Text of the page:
Dave Grohl wrote a beautiful piece about live performances for the Atlantic earlier this week and it hit hard. I was a singer for a time. There is not a day that goes by that I don’t miss the stage. But the life I have built for myself is far more important to me than singing late at night in smoky bars.
When my eldest declared, “I was born to dance” at the age of 2 I smiled and supported her. When her sister decided to give up karate (after trying out swimming, gymnastics, soccer, and basketball) to dance I was happy to see she had natural talent as well. There is nothing greater than seeing your children do what they love and succeed.
A dear friend of mine who has been a positive element in my life since middle school is an actor and a playwright. He sometimes directs as well. His work is always best experienced live, just like great dancing, and professional music.
There is nothing more hopeful to me than seeing coronavirus cases evening out and states reopening. My state of Missouri reopened on the 4th, with St. Louis waiting until next week just to make sure they’re taking proper precautions. Performances have been cancelled, zoom has quickly entered everyone’s vocabulary as if it was always there, and the term “new normal” is plastered everywhere.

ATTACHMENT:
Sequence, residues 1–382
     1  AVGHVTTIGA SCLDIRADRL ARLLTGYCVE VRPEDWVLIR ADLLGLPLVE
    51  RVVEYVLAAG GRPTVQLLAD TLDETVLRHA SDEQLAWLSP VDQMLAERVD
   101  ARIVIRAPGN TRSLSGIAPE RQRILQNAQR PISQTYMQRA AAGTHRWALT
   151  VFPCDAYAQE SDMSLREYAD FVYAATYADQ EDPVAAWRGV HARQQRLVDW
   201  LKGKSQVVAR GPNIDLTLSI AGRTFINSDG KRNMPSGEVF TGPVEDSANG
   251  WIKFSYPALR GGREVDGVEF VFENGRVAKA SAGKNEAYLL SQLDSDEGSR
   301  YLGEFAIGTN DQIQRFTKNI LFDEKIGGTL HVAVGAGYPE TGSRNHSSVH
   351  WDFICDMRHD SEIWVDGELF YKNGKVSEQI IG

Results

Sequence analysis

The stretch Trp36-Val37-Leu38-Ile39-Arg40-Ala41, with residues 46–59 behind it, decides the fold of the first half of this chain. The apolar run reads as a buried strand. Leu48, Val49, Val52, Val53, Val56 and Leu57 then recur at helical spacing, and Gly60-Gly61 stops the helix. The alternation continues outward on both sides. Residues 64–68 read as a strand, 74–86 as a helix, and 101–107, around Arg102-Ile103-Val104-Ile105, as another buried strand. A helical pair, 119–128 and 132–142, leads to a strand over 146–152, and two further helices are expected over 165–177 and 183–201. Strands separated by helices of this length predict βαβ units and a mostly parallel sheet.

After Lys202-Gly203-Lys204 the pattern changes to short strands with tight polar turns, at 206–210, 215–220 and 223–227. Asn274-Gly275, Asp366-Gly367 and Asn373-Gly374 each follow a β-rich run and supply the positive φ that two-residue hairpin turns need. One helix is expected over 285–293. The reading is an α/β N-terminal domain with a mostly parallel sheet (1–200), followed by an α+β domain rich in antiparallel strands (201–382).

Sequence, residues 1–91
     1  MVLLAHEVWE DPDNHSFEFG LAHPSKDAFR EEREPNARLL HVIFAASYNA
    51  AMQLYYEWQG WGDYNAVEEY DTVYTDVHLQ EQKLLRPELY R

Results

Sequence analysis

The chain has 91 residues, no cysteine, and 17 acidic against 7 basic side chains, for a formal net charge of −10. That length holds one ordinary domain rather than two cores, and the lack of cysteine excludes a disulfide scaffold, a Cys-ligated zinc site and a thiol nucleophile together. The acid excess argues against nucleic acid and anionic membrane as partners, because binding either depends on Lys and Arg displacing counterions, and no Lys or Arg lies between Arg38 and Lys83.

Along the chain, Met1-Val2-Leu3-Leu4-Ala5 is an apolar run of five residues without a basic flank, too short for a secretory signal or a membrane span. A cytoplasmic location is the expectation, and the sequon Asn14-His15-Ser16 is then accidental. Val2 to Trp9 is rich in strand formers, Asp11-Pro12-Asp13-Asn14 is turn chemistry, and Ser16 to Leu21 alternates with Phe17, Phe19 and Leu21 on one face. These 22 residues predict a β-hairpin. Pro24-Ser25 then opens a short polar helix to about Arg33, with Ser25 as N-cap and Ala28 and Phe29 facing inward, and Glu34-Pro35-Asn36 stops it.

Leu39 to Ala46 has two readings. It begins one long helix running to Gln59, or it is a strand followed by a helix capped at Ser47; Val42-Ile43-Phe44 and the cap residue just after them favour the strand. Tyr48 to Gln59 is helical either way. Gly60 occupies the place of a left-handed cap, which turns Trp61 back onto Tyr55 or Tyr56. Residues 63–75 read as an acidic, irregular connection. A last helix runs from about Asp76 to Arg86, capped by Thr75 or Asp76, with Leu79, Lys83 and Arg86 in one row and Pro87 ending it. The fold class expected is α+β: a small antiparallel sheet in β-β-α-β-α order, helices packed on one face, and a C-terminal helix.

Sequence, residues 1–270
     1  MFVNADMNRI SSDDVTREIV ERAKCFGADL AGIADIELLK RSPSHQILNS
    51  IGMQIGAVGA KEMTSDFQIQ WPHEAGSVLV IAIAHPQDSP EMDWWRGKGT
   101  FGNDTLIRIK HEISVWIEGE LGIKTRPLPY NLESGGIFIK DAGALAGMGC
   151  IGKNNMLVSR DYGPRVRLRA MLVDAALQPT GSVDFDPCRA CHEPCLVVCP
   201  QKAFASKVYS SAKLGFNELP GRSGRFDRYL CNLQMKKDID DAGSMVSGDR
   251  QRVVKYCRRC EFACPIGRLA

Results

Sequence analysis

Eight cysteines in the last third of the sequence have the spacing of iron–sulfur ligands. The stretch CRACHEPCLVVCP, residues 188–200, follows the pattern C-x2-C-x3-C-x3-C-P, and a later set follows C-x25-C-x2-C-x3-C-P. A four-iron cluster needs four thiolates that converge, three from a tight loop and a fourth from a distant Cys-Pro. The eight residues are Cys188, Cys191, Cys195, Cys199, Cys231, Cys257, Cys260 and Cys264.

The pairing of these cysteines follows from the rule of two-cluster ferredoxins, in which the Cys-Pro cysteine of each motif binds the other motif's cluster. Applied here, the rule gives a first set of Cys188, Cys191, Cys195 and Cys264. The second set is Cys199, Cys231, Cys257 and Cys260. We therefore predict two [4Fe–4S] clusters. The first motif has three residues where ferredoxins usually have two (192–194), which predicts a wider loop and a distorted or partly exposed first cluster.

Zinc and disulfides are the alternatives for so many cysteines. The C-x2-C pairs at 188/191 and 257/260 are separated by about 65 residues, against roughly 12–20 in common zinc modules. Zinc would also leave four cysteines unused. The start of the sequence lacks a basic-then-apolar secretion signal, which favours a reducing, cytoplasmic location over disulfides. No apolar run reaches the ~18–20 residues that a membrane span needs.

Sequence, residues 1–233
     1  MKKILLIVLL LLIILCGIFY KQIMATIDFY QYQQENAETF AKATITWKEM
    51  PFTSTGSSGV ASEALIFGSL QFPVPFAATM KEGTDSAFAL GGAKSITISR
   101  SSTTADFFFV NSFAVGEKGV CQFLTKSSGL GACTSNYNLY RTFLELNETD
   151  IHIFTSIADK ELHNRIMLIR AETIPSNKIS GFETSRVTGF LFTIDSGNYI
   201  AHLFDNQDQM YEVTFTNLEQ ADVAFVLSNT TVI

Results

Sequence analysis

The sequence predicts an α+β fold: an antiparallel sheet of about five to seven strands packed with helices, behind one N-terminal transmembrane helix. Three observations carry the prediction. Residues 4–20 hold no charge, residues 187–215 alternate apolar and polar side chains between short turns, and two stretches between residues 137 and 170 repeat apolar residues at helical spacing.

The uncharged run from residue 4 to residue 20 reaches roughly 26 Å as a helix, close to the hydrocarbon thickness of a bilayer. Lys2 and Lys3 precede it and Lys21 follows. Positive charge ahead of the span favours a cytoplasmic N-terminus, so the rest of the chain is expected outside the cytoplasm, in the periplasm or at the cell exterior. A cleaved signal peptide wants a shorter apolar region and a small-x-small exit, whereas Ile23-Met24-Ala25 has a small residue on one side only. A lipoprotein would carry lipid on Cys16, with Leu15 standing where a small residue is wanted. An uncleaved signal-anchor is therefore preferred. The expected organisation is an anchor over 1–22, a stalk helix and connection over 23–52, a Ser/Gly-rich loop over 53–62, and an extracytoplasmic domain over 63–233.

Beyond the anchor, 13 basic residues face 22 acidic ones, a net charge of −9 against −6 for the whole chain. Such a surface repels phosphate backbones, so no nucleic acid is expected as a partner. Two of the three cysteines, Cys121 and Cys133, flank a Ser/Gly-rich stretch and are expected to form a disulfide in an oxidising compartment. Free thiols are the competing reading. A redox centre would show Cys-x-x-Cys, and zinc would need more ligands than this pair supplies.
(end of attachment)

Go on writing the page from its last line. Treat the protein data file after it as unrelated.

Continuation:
I keep hearing people report that, “there is no going back.”
My friend, the playwright, has been recording small plays via zoom and posting them on his website. My children have continued their dance education from home online. And musicians everywhere have taken to YouTube.
All throughout this mess I’ve fought against paranoia and fallen down some serious conspiracy theory holes. I don’t know what to believe. I definitely don’t trust the media, China, or the medical industry after all the fraud that’s been revealed so they can get extra funding.